While quality is always better than quantity, having both at the same time never hurts as February's Top Uploaders would prove!
Do they process films in bulk or are they just that prolific? That’s one of the most pertinent questions on everyone’s mind whenever we announce our Top Uploaders but there are always familiar names in our roster which just goes to show how passionate Lomographers are in shooting! For February, here’s the users who shot and uploaded the most. Congrats!
We are always hunting for creative ideas on how to open up new shooting possibilities and it doesn’t get any better than when we discover something simple which works like a charm right away. Recently, the idea was raised that perhaps the Diana+ Splitzer would be compatible with the Lomo’Instant – Lo and behold, it is!
The Cannes Film Festival showcases some of the world's best cinematographic masterpieces. It is an annual event that is highly anticipated by fans and connoisseurs of both mainstream and independent cinema. This year's festival has officially opened and film buffs everywhere are excited, at the same time curious, about which film will win the Palme d'Or. We are in no position to predict the winner, but we do have our favorites, from the ones in competition and otherwise. In no definitive order, here is a list of 10 films that we'd like to see.
I have to admit that I’ve never liked using flash in public places. In some situations it can be distracting. Like concerts, for example. Can you imagine a live music show where people decide all of a sudden to use it at the same time?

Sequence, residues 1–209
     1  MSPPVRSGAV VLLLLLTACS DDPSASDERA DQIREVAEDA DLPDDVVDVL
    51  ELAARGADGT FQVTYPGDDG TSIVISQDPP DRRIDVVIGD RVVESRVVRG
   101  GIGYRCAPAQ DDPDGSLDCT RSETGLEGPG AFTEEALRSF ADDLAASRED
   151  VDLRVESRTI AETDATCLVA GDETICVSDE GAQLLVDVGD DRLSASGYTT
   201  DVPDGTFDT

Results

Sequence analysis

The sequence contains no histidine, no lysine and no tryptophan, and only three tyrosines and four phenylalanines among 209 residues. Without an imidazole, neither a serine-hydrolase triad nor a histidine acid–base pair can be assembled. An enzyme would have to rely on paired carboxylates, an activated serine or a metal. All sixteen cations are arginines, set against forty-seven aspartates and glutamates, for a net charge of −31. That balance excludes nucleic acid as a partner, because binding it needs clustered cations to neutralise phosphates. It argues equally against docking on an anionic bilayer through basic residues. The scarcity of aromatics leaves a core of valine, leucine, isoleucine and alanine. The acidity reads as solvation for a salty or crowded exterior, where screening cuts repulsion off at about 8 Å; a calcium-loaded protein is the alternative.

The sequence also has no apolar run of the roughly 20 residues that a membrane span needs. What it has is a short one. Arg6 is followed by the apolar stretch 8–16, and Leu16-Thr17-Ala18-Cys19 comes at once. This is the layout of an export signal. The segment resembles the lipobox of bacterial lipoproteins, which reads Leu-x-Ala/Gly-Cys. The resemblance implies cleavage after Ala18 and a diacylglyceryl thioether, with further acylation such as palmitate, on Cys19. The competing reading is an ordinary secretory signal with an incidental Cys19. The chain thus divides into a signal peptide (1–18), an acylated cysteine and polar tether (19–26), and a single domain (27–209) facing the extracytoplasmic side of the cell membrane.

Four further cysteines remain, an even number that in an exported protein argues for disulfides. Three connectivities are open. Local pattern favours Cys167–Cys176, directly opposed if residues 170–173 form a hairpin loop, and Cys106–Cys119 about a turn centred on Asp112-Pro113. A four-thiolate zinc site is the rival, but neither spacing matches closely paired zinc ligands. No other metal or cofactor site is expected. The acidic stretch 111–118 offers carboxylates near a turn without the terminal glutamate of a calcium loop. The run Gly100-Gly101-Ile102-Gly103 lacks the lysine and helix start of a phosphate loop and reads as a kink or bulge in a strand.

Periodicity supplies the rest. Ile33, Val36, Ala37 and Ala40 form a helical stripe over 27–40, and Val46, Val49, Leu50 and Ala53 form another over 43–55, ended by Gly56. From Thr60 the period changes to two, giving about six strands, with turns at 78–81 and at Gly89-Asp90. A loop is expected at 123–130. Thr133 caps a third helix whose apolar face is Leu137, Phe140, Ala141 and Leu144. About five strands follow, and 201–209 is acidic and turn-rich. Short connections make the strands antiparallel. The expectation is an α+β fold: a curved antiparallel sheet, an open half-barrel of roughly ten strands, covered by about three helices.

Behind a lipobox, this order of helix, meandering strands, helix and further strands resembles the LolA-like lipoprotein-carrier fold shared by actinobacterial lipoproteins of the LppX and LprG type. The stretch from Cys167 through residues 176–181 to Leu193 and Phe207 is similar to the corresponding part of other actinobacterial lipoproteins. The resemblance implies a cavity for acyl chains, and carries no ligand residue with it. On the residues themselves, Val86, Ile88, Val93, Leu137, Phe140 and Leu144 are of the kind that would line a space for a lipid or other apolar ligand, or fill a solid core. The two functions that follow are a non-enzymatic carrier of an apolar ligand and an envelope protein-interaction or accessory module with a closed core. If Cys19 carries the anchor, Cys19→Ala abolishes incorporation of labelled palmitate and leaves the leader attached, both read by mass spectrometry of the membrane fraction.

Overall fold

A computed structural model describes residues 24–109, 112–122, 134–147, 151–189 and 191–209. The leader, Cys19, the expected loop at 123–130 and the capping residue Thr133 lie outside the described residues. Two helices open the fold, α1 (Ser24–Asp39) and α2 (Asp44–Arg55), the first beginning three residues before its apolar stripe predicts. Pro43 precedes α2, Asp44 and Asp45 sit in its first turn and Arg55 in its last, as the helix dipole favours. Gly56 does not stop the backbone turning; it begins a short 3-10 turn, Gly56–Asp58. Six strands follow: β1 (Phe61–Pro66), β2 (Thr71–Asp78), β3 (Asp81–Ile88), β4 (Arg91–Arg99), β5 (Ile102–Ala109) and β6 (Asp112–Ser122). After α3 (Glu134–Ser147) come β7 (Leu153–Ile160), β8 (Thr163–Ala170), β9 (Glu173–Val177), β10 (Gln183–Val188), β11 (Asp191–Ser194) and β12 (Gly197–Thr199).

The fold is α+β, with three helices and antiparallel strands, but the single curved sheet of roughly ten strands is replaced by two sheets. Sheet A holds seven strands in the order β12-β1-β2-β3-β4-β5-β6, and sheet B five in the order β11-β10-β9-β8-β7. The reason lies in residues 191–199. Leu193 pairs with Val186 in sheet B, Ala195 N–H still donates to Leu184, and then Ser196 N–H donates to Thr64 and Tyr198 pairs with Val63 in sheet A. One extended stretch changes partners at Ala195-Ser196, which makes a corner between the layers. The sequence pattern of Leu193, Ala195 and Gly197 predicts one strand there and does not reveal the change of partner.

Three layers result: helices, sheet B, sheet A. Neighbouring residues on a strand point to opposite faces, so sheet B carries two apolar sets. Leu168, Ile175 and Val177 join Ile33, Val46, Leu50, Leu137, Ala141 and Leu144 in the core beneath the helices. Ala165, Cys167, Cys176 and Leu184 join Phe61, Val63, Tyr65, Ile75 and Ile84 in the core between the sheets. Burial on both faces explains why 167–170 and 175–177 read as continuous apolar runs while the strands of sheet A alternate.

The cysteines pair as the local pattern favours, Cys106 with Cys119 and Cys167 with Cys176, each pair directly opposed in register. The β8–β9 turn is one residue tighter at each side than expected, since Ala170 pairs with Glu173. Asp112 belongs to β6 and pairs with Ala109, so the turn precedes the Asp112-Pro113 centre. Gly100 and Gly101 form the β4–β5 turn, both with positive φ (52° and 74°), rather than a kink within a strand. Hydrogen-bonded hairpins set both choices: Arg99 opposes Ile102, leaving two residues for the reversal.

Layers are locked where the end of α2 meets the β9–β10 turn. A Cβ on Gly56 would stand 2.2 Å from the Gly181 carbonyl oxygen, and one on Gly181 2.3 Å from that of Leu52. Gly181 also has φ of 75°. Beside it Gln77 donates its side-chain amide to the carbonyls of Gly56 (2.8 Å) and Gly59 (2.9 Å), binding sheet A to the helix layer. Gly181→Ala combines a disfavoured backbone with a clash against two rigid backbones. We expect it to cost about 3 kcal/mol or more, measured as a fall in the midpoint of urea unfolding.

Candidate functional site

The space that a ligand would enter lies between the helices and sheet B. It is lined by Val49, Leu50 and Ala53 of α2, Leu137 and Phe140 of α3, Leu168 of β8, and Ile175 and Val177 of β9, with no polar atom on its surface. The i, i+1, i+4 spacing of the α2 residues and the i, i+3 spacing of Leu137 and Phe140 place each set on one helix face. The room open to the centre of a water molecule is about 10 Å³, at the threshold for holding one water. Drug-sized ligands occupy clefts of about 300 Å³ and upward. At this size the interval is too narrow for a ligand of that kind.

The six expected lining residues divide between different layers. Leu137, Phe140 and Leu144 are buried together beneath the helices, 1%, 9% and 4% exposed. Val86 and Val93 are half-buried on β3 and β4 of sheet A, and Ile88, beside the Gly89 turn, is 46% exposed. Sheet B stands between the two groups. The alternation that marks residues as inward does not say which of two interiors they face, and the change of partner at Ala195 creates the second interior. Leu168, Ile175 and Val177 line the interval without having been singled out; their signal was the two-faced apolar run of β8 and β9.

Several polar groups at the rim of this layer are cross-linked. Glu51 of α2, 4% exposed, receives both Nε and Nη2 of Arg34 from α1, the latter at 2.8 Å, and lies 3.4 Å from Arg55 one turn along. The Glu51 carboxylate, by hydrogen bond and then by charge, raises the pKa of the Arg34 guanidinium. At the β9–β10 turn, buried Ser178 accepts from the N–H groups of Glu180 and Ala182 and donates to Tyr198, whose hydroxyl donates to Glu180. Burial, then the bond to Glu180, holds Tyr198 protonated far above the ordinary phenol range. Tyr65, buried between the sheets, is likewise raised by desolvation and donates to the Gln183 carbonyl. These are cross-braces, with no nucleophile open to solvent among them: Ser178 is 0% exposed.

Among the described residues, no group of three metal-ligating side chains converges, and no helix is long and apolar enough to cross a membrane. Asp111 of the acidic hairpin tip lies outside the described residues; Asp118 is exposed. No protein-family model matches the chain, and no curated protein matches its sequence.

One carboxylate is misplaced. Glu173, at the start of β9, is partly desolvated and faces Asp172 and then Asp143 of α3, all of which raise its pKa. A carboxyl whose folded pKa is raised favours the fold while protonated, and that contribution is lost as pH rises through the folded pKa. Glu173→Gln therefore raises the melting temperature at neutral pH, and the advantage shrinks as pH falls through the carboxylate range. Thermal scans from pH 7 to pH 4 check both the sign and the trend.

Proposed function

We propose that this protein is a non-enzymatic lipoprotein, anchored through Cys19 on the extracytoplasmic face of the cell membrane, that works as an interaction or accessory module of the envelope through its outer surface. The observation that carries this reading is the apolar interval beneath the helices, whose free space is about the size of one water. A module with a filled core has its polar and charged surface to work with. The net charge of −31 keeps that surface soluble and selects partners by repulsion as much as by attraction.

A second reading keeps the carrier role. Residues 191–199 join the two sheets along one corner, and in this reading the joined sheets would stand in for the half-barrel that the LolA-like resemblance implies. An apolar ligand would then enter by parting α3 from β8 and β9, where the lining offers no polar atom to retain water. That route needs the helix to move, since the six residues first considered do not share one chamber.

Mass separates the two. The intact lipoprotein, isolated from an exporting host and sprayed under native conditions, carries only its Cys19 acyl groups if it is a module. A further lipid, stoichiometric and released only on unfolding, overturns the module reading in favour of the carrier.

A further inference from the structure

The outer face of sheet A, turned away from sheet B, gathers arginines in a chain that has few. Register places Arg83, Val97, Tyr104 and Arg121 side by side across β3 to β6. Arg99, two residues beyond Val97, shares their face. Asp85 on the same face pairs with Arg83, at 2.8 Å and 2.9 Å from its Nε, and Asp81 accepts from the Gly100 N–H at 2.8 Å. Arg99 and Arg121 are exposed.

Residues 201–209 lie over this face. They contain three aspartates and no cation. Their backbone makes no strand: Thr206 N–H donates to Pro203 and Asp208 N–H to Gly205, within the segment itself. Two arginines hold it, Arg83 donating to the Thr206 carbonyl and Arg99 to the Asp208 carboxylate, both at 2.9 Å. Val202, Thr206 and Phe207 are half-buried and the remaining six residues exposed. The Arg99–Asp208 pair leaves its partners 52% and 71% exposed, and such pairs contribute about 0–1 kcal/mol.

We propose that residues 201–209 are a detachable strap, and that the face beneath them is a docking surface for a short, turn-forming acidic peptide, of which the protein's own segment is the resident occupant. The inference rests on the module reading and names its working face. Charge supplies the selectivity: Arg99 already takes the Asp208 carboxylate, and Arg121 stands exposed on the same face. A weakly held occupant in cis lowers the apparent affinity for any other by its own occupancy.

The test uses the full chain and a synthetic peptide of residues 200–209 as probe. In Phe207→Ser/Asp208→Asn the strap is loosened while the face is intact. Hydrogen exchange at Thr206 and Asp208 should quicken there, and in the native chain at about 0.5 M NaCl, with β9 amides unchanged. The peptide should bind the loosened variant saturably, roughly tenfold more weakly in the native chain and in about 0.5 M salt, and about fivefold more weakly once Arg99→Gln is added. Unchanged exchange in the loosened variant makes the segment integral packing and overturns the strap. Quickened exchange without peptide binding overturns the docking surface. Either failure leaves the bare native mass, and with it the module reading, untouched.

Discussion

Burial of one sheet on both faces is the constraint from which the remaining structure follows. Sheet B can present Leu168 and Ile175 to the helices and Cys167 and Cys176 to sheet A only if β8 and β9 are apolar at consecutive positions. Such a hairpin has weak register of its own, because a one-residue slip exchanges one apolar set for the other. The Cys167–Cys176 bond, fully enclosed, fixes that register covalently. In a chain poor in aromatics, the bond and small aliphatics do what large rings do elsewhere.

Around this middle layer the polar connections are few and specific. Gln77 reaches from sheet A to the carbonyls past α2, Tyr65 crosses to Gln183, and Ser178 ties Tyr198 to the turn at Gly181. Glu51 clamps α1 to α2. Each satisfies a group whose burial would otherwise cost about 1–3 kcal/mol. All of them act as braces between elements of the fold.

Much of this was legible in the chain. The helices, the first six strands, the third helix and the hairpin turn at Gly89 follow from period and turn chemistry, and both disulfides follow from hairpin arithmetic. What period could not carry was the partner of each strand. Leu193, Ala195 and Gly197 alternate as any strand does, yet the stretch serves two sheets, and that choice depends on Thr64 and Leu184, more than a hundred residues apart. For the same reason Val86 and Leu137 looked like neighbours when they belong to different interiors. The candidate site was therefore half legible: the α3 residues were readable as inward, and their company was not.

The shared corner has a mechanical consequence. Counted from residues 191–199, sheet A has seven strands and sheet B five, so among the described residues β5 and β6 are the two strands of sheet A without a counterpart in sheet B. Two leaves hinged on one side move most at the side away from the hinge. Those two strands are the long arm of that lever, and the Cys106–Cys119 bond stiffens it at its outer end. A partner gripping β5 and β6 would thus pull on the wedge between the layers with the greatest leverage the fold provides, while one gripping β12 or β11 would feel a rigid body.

Two days from now, Lempertz will hold a sale of 195 photographic prints. The lineup is as varied as the history of photography itself. An 1856 print by an anonymous photographer is in the same group as a top-valued Joseph Szabo shot. A deceptively simple shot of a flower vase is joined by the complex textures of Lucien Hervé. Take a look at the fascinating mix.
There is nothing better than a photo shot at the perfect moment. Henri Cartier-Bresson's principle on "The Decisive Moment" is a principle that we should still follow to this day. A perfectly-timed photo creates impact, whether it's one of a friend jumping into the pool or a couple emerging from the ceremony on their wedding day. For this rumble, we want to see that breathtaking moment, shot at the perfect time. And you showed us what it's like to be on time.
Our Lomographers love their Petzval and, as a result, they have taken it to the most amazing places: gardens full of green, immensely busy cities and breathtaking landscapes. Yet, sometimes, all you need is what you have right at home. Keeping family memories with the Petzval Lens never looked this good, and golfpunkgirl does it well.
Some people say instant photos bring about a feeling of nostalgia. Although I often use the Lomo'Instant Camera with different crazy accessories such as the Splitzer and color gels, I have to agree there is something about it — dreamy vignettes maybe? — that always makes me want to go back in time and experience it all over again. In the name of analogue photography and good old memories, we passed by some classic spots in Vienna and took one shot after the other. Take a closer look at our gallery.